Nothing new in PH-US '2+2' talks, lawmakers say

by RG Cruz, ABS-CBN News

Posted at May 01 2012 06:28 PM | Updated as of May 02 2012 02:46 PM

MANILA, Philippines - Two senior lawmakers see nothing new achieved by the "2+2" meeting of the foreign and defense ministers of the United States and the Philippines over Manila's claim to Bajo de Masinloc or Scarborough Shoal.

Nevertheless, Senate foreign relations committee chair Loren Legarda and lower House defense committee vice chair Roilo Golez both welcomed the meeting of Secretaries Albert Del Rosario and Voltaire Gazmin with US Secretary of State Hillary Clinton and Leon Panetta in Washington Tuesday.

The Philippine and US officials affirmed their commitments to the Mutual Defense Treaty (MDT), as well as opposition to the threat and use of force to resolve the Scarborough shoal dispute.

Legarda said, "Walang bago diyan. Nakasaad sa Mutual Defense Treaty, nakasaad din sa VFA (Visiting Forces Agreement) kaya ito'y reiteration of present security arrangements. Maganda sa 2 magkaibigan at mahusay sa 2 allies na sila nag-uusap para ipaalala ang kanilang pinag-usapan. Iyun ang nagyari. Walang bago nilagdaan na agreement."

Legarda and Golez noted that the invocation of the MDT is a sign that the US will come to the defense of the Philippines if the latter is attacked.

"Susunod ang US at Philippines sa MDT at iyan ay nakasulat diyan anuman interperasyon," Legarda said.

Golez said, "Mahalaga sa statement ni Secretary Clinton na US supports."

MDT and the Scarborough dispute

He believes that the MDT cannot be used for conficts over disputed areas like Bajo de Masinloc, something Legarda disagreed with.

"Isa sa mga unang binitiwang salita ay reaffirmation ng MDT bagamat pagdating sa disputed land features, di puwedeng invoke MDT pero klarong klaro sa MDT na pag anumang barko ng gubyerno eroplano ay maatake, ito'y konsidera na isang attack at tutulong kabilang panig," he said.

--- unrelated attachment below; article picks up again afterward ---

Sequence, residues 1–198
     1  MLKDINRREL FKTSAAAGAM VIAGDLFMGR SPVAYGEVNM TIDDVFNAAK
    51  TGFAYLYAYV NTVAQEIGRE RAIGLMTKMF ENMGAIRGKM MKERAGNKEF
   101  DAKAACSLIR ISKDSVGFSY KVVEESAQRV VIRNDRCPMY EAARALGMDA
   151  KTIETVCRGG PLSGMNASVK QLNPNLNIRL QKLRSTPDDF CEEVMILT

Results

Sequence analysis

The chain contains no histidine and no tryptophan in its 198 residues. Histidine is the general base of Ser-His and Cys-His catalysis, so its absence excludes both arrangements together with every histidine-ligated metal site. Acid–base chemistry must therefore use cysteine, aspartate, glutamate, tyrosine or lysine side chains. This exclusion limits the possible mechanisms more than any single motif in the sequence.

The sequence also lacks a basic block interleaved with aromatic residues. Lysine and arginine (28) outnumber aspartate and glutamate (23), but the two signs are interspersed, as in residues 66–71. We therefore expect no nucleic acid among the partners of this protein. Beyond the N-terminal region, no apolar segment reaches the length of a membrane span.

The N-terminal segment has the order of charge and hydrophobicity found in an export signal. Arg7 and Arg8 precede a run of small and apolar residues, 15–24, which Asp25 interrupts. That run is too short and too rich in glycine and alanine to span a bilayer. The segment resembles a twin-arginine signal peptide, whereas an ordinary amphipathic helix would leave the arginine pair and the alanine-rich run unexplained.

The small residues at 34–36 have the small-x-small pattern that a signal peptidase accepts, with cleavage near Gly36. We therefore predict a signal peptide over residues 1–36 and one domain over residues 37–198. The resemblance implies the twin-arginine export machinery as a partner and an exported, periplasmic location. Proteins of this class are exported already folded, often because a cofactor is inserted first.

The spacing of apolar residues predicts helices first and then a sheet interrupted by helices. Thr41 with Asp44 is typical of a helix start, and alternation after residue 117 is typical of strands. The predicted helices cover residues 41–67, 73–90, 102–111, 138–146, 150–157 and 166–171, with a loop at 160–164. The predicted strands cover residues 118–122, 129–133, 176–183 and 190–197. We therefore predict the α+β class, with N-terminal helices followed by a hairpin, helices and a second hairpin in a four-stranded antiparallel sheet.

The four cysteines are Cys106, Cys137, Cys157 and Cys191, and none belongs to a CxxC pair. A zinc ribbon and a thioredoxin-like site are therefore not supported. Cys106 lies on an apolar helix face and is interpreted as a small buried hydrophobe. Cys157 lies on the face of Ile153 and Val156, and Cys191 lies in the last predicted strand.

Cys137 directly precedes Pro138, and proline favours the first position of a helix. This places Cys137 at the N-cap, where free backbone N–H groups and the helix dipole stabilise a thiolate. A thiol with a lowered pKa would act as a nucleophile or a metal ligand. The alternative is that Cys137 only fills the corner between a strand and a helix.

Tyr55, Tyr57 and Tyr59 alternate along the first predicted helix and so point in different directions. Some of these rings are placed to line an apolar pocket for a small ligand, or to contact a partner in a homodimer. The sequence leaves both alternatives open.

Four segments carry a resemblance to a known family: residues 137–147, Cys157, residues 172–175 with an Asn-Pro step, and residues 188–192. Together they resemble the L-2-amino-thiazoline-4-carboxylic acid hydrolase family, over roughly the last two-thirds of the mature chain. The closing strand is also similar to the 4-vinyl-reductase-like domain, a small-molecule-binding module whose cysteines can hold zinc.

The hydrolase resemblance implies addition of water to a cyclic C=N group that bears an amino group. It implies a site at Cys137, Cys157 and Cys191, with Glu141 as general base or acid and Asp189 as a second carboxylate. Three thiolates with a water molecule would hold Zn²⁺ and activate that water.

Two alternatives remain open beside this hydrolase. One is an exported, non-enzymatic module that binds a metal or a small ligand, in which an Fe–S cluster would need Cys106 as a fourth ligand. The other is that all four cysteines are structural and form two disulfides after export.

Legarda, however, said Bajo de Masinloc is clearly within the Philippines' exclusive economic zone "in our maps and on effective jursidiction and occupation."

She said even if China objects, there are many ways to resolve the dispute without the use of force.

They include elevating the matter to the International Tribunal on the Law of the Sea, the International Court of Justice, and the creation of a conciliatory tribunal.

Legarda, however, said the statements from the meeting of the 4 Philippine and US officials should not be seen as a rebuke of China.

"Ang ating hangarin ay hangarin ng lahat ng peace-loving bansa kaya ang pagpahayag ng world power ay karapat dapat lang, hindi pagpaparinig sa isang bansa. Simply a reiteration of the belief in the rule of law, democracy."

More Navy ships

Golez said the US should give more than just a second Hamilton-class cutter scheduled for delivery later this year, considering the security context in the Southeast Asian region.

He said the delivery is merely part of the long-term modernization of the Armed Forces and not a form of assistance over the Scarborough Shoal dispute.

"Bagamat welcome sa atin iyan, dapat mas maganda pa riyan padalang military asset. Mga eksperto sa security nagsasabi na kanilang FFG, fast frigate guided misisle na decommisisoned na na puwedeng transfer sa Philippine Navy. Iyan ang mas nababagay sa misyon sa West Philippine Sea at Pacific Ocean para lalong maging malakas. Itong mga asset na ito binigay na sa Bahrain, Poland, Pakistan na di ganun kalawak territorial sea at hindi ganun ka-strategic," he said.

Golez believes Clinton will discuss the Scarborugh shoal dispute with China when she meets with the Chinese foreign minister later Tuesday, especially since she has underscored the importance of the freedom of navigation.

He fears the shoal could be developed as a platform for modern ships and aircraft and be used to restrict the freedom of navigation in the Palawan Passage, which is used by 200 commercial ships daily.

Earlier Tuesday, Clinton said the United States reaffirmed its commitment and obligations under the MDT.

"While we do not take sides on the competing sovereignty claims to land features in the South China Sea, as a Pacific power we have a national interest in freedom of navigation, the maintenance of peace and stability, respect for international law, and the unimpeded, lawful commerce across our sea lanes," she said. "The United States supports a collaborative diplomatic process by all those involved for resolving the various disputes that they encounter. We oppose the threat or use of force by any party to advance its claims. And we will remain in close contact with our ally, the Philippines."